(Thanks to Meaghan Good of the Charley Project for the guest post. -ed.)
On this date in 1828, William Dyon, 45, and his son, John, 23, were hanged for the murder of William’s brother, who was also named John.
The brothers had fallen out over their father’s inheritance; William Dyon Sr. had favored John’s family over William Jr.’s. Writing dramatically of the case in his book Foul Deeds and Suspicious Deaths in Doncaster, Stephen Wade described the brothers as
sons of a Lincolnshire farmer, and the two boys were so different that this tale almost attains a biblical resonance, with jealousy, brooding and resentment, and finally a deathly hatred that led one brother to a bloody death; and the other to the scaffold. It is a Cain and Abel story, but with more than one layer of evil: William Dyon was joined by his son, John, in the murder.
According to contemporary account, from his youth William was “of a Wild disposition, and addicted to low sports; in his youth, a frequenter of cocking matches [and] bull baits.” While William joined “scenes of riot and dissipation,” John was a much steadier sort and very helpful to his father on the farm. Dyon Sr. was wealthy and he rewarded his more filial son with 63 acres of land, followed by cash gifts amounting to £300 sterling, while giving William nothing.
When he drafted his will he also favored John, virtually ignoring his other son.
William and his son planned out the murder more than a week in advance, enlisting the help of another man named John White who had known both brothers for years. John Dyon was walking through the front gate of his farm, 800 yards from his house, when he was ambushed by his brother and nephew and shot to death on the evening of February 16, 1828. His family didn’t find him until morning.
The victim was lying in the grass by the gate, stiff and cold, shot in the chest. He was carrying about £40 and an expensive watch, so robbery was ruled out as a motive for his death.
The inquest that followed returned a verdict of “willful murder by person or persons unknown,” but suspicion had already fallen on the embittered relatives.
Both Dyon pere and fils had been seen loitering near the farm with guns; they claimed to be hunting, but it wasn’t the right time of year for that. They had also asked people what time the victim normally returned home from the Doncaster market.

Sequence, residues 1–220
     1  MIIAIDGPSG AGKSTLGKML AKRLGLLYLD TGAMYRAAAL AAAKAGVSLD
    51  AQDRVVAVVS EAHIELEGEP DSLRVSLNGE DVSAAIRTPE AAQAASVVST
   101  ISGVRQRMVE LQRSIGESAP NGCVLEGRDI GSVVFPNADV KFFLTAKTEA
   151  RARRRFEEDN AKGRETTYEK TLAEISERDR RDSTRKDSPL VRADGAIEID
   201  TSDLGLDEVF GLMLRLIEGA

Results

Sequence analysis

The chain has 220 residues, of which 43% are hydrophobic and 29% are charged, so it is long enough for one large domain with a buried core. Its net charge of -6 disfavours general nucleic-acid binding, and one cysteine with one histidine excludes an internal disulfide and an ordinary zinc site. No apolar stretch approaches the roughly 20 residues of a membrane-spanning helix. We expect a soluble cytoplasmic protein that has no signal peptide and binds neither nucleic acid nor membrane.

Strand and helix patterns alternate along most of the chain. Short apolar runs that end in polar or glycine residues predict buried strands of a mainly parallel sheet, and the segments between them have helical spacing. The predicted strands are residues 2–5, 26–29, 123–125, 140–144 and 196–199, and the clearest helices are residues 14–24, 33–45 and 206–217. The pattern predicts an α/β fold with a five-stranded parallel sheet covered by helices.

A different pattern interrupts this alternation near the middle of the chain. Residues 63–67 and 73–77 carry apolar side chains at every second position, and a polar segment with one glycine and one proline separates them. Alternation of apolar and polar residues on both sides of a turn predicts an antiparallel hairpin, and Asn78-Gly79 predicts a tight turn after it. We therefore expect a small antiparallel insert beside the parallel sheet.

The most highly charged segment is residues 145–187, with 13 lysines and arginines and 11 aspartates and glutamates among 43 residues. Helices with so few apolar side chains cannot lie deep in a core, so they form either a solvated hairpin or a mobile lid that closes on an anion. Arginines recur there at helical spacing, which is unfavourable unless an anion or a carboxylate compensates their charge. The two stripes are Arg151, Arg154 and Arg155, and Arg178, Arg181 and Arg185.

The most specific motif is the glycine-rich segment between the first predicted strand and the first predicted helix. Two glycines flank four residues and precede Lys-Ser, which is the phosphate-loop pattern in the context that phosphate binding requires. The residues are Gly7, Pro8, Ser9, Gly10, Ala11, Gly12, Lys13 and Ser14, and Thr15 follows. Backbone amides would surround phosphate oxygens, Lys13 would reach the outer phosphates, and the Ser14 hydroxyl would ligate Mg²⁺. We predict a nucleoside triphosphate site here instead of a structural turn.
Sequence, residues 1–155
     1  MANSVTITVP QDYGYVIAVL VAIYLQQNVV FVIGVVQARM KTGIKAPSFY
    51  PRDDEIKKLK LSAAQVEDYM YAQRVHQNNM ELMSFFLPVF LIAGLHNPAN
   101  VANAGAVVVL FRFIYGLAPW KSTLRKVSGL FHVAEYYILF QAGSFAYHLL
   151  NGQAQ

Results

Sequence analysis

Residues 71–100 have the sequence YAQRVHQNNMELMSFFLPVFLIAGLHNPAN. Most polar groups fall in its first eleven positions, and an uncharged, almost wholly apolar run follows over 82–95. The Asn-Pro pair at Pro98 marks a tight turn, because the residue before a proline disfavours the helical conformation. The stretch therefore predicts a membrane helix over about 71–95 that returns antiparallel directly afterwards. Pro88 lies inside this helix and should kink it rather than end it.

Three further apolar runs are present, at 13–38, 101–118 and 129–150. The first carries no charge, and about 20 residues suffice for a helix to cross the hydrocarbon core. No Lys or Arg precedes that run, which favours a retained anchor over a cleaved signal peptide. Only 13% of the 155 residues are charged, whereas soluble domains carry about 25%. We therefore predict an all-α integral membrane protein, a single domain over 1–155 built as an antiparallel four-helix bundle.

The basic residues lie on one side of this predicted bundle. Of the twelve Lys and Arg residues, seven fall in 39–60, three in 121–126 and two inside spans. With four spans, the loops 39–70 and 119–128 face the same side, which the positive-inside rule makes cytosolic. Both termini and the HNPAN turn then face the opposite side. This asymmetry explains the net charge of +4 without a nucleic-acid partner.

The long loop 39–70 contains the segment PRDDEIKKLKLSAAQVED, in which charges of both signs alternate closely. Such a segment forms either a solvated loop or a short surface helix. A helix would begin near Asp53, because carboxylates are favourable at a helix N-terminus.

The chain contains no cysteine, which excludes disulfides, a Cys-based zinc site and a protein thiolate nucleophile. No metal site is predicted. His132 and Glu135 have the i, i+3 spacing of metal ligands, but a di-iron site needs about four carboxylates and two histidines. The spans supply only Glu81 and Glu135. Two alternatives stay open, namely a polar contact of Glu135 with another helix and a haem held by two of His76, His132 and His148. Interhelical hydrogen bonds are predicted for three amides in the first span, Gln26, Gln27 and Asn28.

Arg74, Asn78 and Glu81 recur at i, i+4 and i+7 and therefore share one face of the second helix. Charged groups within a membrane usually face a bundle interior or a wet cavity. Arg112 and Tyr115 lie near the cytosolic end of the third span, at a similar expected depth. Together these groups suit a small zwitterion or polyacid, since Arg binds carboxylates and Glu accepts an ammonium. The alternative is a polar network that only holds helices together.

Their enmity towards the victim was wellknown in the area and many witnesses remembered hearing William threaten his brother and even say outright that he planned to murder him. After John’s death he was seen boasting about his crime in the local pub.
The investigating magistrate actually performed some CSI work: he noticed a pair of boot tracks at the site of the murder and saw that the wearer had walked with their feet turned outward. William Dyon walked in that way.
Furthermore, the prints were from a left boot and a right boot; not many shoes were made left and rightfooted during that time period, but William owned a pair that was.
The two suspects produced an alibi, initially confirmed by William’s brotherinlaw and his servant: they were at home at the time of the murder. But this collapsed when both witnesses recanted. Then their accomplice, White, came forward with his evidence.
By the time of the trial, there wasn’t much of a defense left to offer. The jury deliberated five minutes before voting guilty for both defendants.
On the scaffold under 10,000 eyes, John acknowledged the justice of his sentence. William, who had been caught passing notes to his son in gaol enjoining him to keep his silence, merely announced that “the Lord will pardon my sins.” A friend of the victim wanted to buy the execution ropes, but he was turned away.
“The bodies,” Wade wrote, “were dissected by the anatomists and their skins tanned.”